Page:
Dayton Attorney to Run for General Sessions Judge

Attorney Larry Roddy said he will seek election as Rhea County General Sessions/Family Court judge. He is running as an independent in the Aug 7 county general election. Roddy, a Soddy-Daisy native, earned his law degree from the University of Memphis and is licensed to practice in all Tennessee courts. He has also practiced in U.S. District Courts in Chattanooga, Atlanta and Birmingham and the Sixth U.S. Circuit Court of Appeals in Cincinnati. The Chattanooga Times Free Press has more


Shelby County Judge to Seek Re-election

Shelby County Circuit Court Judge Donna Fields has announced that she will seek re-election. Appointed to the bench in Feb. 2004 by Governor Phil Bredesen, Judge Fields has run unopposed and been re-elected twice. “I am grateful to have the honor of serving the people of Shelby County. I look forward to asking the voters to allow me to serve another term on the bench,” she said in a press release. A reception to kick off her campaign will be held Tuesday from 5 p.m. to 7 p.m. at the Local on Madison in Memphis.


2 More Consider Race for Bradley Circuit Court

Bradley County attorneys Sandra Donaghy and Andrew Freiberg have picked up papers to run for the circuit court seat currently held by Judge Carroll Ross, who is retiring. They join William J. Brown, who announced his intentions to run last month. Other candidates who picked up election papers include incumbents Circuit Court Judge Larry Puckett, Circuit Court Judge Michael Sharp, Criminal Court Judge Amy Reedy and General Sessions Judge Daniel Swafford. The Chattanoogan has more on these races and a prediction that General Sessions Judge Sheridan Randolph may face opposition from attorney Barrett Painter, a partner in the law firm of Chancey, Kanavos, Love and Painter.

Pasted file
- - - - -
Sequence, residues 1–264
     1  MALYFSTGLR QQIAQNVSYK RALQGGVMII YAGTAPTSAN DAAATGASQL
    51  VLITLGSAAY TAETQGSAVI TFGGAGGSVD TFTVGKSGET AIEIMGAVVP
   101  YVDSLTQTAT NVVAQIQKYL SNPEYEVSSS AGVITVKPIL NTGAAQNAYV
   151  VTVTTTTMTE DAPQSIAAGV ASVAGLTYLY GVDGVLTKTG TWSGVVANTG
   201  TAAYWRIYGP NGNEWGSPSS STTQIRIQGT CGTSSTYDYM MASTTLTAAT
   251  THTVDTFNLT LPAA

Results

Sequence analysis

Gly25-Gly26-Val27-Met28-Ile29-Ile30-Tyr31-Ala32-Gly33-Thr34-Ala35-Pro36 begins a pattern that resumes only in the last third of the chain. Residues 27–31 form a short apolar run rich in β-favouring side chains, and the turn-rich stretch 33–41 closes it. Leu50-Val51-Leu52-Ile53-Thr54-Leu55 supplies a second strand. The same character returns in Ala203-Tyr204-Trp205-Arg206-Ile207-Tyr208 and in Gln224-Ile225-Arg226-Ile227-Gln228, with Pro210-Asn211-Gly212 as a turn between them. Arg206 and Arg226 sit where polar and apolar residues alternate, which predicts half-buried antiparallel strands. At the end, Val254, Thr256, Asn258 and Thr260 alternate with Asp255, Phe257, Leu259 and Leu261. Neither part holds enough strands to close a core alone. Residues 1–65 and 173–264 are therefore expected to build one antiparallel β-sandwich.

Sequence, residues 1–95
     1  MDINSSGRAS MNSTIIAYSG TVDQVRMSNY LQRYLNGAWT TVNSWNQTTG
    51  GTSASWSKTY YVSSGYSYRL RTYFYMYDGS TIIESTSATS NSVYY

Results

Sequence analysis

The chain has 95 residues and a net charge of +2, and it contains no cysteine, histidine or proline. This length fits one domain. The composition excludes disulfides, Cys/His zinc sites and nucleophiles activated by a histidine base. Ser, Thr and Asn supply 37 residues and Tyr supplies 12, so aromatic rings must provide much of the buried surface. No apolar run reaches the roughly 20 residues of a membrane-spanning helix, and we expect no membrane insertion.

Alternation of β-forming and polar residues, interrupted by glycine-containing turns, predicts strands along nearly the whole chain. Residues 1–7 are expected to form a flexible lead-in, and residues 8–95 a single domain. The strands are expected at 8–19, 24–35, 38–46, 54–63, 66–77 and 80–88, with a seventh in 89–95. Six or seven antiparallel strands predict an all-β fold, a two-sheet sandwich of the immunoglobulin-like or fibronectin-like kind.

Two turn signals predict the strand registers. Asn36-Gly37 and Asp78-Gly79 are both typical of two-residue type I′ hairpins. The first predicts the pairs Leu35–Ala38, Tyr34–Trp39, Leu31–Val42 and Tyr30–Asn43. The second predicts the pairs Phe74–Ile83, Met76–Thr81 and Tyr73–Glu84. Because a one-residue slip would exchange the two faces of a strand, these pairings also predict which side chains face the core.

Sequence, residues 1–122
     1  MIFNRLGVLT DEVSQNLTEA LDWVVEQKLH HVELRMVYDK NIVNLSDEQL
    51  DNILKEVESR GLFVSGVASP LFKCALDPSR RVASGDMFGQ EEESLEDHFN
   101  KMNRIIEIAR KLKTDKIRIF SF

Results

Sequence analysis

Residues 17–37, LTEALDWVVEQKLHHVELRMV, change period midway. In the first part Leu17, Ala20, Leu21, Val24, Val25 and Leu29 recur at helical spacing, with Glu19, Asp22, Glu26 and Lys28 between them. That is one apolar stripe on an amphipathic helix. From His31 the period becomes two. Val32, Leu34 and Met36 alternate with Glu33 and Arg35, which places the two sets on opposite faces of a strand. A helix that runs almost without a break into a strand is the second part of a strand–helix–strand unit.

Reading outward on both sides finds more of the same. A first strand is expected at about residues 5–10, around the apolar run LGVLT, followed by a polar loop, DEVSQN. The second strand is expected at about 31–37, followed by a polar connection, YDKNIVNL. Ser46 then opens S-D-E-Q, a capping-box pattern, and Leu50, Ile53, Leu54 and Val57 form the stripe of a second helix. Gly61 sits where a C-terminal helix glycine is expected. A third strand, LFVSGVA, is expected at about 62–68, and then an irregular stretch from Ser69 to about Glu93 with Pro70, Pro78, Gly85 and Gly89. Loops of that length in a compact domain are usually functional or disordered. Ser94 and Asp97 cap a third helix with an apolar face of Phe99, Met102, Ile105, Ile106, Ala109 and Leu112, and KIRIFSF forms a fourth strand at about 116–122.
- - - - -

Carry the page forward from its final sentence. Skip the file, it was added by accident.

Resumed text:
All Hamilton Criminal Court Judges Seeking Re-election

Hamilton County’s three criminal court judges have all decided to seek re-election in 2014, the Chattanoogan reports. Judge Don W. Poole is running as a Democrat in the May primary, while Judge Barry A. Steelman and Judge Rebecca June Stern are running as Republicans. Read about their careers and credentials from the paper.


Survey Shows What People Want in a Lawyer

A new survey by the attorney rating company Avvo Inc. says that consumers want a lawyer who is confident and realistic, but reality show fans want lawyers who are aggressive and attractive. The three lowest-ranking characteristics people want in their lawyers are ambitious (12 percent), friendly (15 percent) and reassuring (18 percent). The Nashville Business Journal notes that responsiveness was the top factor, cited by 92 percent of respondents, followed by track record (80 percent).


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Questions, comments: Email us at TBAToday@tnbar.org

About this publication: Today's News is a compilation of digests of news reports of interest to Tennessee lawyers compiled by TBA staff, links to digested press releases, and occasional stories about the TBA and other activities written by the TBA staff or members. Statements or opinions herein are those of the authors and do not necessarily reflect those of the Tennessee Bar Association, its officers, board or staff.